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We're now going to look at a different category of games, games that are called

Â Bayesian games. Sometimes called games of incomplete information, not to be confused

Â with games of imperfect information. So far what we have seen are games in which

Â all agents know what the basic setting is. That is, they know who the players are.

Â They know the actions available to the players. They know that payoffs associated

Â with each strategy profile or each action profile, depending on what everybody does.

Â this is true in all games, including games of imperfect information. That is games

Â of, in which our information is such where agents don't know. Exactly in which state

Â they are, nonetheless they know what would happen given what the strategy of all the

Â agents. So we're going to relax that. We're going to assume that What you said

Â isn't necessarily always common knowledge. Now in principle you can imagine relaxing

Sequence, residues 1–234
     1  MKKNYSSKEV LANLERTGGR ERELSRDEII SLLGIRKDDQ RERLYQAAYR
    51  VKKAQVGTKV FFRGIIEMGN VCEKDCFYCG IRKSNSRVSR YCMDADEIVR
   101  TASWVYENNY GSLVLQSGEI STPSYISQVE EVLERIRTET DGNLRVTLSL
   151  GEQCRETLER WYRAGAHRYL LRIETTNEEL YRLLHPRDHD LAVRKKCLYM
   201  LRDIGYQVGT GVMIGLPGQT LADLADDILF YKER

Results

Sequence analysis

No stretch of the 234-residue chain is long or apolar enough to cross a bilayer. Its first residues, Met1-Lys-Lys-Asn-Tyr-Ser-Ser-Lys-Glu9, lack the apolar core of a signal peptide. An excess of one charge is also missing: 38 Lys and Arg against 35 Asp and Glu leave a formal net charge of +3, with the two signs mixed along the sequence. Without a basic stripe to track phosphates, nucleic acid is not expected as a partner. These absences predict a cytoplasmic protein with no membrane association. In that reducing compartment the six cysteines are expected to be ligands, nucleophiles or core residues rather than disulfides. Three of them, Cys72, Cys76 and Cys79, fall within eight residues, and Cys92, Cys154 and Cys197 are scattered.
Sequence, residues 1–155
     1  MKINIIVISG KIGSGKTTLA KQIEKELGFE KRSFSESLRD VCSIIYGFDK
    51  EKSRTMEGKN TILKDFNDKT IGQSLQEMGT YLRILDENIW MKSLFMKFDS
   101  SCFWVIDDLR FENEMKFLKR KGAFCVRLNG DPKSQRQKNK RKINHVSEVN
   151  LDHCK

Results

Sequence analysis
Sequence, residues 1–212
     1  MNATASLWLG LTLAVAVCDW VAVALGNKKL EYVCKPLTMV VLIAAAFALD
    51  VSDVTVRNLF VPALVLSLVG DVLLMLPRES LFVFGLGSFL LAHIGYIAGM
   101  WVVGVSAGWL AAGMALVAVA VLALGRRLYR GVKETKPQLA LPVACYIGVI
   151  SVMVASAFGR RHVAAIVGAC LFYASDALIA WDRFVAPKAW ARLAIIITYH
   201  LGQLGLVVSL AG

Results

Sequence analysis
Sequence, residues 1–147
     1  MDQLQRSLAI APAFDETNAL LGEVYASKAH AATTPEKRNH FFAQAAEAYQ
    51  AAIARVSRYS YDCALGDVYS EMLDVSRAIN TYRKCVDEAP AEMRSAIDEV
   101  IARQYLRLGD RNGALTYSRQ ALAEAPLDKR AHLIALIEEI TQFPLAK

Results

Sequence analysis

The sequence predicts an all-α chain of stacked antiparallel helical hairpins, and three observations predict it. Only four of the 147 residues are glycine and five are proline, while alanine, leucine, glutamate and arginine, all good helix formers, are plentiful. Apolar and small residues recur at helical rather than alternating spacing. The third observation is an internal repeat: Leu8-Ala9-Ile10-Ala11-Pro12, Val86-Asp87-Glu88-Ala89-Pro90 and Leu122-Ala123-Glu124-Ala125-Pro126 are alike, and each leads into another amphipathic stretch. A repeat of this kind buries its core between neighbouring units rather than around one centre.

Â the various assumptions. You don't know the number of the players. You don't know

Â maybe the action, how many actions are available to them. >> But, in some sense,

Â some informal sense, all of those forms of uncertainties can be reduced to one type

Â of uncertainty, that is about the payoffs in the game. And, so we will assume that

Â agents have perfect common knowledge of everything, except what the payoffs of the

Â game are. And, furthermore, that there is some. Prior knowledge, prior belief that

Â is common to all the agents about those payoffs, and simply agents have different

Â signals that lead to different posteriors based on those common prior This may sound

Â very vague. Let me make it precise. Let me first give the formal definition. and then

Â just give an example which will make everything clear. So we have a set of

Â games, that is a Bayesian game is defined by first of all a set of games that are

Â identical except in their payoffs. So let's start going over the formal

Â definitions again. So we have A tuple that defined the game. You have a set of agents